A Sunni teenager who died while saving Shia victims of last week's Baghdad stampede has been praised as a "martyr" by Iraqi politicians.
Abdul Hafez's story has been extolled in the Iraqi press
Witnesses say Othman Abdul Hafez drowned as he tried to pull yet another Shia pilgrim from the River Tigris, having saved up to seven others.
Prime Minister Ibrahim Jaafari said his actions were a "message to the whole world" about religious unity in Iraq.
About 1,000 people died in the stampede during a Shia religious procession.
The incident was apparently triggered by rumours of an imminent suicide attack on the ceremony.
Hundreds died either by being crushed, suffocated or by drowning after they were pushed into the river.
"The Shia dies as a martyr next to the Sunni while celebrating rituals, and the one of them sacrifices himself trying to rescue the other," said Mr Jaafari.
"This is a message to the whole world that the real problem is not between Sunnis and Shias," he added.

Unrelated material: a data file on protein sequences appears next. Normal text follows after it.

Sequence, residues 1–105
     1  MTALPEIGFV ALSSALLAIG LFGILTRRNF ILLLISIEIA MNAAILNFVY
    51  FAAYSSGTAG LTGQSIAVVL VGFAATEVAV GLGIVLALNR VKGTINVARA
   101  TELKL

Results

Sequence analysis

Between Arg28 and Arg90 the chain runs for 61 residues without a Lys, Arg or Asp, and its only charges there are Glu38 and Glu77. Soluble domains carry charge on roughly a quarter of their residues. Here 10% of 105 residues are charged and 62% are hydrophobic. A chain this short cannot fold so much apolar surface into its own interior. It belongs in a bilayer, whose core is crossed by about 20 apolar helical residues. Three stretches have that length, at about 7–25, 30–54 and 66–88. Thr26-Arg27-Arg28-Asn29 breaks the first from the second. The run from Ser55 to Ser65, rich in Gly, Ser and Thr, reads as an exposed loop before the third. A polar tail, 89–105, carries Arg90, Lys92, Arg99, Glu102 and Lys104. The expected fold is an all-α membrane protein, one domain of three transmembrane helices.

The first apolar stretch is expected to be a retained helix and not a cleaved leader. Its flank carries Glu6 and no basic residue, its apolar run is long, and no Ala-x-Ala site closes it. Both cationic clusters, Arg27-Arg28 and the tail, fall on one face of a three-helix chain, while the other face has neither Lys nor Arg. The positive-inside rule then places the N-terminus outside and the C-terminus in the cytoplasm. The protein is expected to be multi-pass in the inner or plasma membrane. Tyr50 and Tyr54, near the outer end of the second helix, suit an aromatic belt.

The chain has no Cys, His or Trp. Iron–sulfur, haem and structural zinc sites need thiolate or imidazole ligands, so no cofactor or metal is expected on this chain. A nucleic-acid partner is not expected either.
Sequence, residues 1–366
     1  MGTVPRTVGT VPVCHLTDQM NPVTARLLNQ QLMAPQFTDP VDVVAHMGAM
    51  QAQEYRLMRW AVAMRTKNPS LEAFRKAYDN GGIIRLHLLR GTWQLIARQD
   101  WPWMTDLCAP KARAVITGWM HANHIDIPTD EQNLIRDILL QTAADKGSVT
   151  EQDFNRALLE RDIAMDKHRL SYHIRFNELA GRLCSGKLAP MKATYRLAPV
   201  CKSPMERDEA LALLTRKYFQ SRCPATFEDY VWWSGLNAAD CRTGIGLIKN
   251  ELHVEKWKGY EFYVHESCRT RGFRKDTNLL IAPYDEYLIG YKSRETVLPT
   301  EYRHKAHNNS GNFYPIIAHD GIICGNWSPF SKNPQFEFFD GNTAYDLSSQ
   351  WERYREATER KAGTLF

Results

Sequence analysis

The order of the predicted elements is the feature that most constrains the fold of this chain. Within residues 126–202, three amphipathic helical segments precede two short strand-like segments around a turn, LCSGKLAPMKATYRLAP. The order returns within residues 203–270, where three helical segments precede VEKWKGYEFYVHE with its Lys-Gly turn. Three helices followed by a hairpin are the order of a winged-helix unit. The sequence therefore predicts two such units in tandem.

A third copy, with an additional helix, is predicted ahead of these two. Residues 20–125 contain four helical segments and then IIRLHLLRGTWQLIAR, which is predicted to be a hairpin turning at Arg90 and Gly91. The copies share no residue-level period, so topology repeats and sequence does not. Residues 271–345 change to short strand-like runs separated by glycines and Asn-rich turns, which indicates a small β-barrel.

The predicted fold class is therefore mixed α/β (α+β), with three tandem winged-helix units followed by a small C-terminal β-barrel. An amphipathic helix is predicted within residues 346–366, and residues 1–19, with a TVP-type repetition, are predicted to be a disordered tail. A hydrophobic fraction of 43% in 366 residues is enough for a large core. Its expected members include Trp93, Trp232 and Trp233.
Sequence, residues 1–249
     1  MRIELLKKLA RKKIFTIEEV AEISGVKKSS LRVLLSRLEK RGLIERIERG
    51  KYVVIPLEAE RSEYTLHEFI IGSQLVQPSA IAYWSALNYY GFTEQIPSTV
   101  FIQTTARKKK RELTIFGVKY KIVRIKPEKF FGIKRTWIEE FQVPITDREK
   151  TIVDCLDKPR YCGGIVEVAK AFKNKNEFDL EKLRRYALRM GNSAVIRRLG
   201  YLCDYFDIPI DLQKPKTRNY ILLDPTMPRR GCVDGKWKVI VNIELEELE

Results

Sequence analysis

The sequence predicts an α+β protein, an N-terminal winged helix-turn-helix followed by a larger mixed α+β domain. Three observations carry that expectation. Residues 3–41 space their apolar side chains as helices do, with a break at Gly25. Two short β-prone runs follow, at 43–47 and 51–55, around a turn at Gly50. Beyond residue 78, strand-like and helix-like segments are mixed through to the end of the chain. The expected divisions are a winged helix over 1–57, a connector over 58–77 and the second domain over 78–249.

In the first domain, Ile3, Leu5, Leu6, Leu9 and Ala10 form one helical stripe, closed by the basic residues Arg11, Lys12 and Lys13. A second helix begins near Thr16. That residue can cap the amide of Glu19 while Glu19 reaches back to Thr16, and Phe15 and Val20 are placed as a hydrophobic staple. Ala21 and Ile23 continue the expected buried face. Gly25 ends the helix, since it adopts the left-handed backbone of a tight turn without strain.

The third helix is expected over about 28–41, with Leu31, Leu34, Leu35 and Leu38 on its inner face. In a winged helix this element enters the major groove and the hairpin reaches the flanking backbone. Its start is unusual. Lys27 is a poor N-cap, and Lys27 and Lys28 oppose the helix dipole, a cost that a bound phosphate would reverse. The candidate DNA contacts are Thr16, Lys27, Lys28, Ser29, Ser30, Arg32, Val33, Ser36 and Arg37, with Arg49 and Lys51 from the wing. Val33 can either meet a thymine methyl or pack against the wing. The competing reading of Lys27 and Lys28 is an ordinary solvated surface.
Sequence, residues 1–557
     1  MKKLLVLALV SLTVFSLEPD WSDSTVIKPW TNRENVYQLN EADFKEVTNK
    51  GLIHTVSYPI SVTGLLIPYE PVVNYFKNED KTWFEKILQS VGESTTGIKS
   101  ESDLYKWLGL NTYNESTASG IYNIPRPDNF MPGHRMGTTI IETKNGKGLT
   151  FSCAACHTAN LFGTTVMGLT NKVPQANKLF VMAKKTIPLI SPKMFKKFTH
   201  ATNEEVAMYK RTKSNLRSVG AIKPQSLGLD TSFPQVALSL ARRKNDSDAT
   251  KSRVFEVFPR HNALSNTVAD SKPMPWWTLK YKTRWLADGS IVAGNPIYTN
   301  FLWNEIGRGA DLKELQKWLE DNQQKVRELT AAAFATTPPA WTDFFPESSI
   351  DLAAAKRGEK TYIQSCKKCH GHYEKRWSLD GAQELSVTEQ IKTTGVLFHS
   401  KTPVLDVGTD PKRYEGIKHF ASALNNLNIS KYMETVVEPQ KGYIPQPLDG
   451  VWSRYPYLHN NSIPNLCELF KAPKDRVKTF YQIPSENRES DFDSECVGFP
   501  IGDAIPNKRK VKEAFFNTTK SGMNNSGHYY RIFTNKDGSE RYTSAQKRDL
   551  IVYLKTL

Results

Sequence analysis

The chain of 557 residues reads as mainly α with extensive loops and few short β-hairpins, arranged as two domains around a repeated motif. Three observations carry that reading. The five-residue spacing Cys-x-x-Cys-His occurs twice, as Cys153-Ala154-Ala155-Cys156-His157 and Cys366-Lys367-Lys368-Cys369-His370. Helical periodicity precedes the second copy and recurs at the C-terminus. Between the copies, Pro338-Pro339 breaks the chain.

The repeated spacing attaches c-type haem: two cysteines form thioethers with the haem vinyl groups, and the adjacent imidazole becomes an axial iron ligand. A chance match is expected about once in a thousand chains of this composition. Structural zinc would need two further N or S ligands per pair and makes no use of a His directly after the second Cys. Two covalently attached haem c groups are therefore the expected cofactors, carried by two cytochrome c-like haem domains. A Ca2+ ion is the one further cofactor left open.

Politicians from both Sunni and Shia communities attended the teenager's funeral on Saturday.
"He represented Iraqi unity and we are proud of him because of his message that Iraq is one country, one nation and one religion," said Falah Shensel, a Shia National Assembly member.
Many of the dead were women, children, or the elderly, hospital sources said.
Relatives of stampede victims are still searching for loved ones
The 19-year-old, from the staunchly Sunni district of Adhamiyah, responded to calls to help the stricken Shia pilgrims broadcast from a local mosque.
Witnesses said he was a strong swimmer and saved many struggling Shias before himself succumbing to exhaustion.
His actions belie predictions that the stampede - blamed on Sunni-led insurgents - may exacerbate sectarian tensions between Sunni and Shias at a time of sectarian divisions over the drafting of Iraq's new constitution.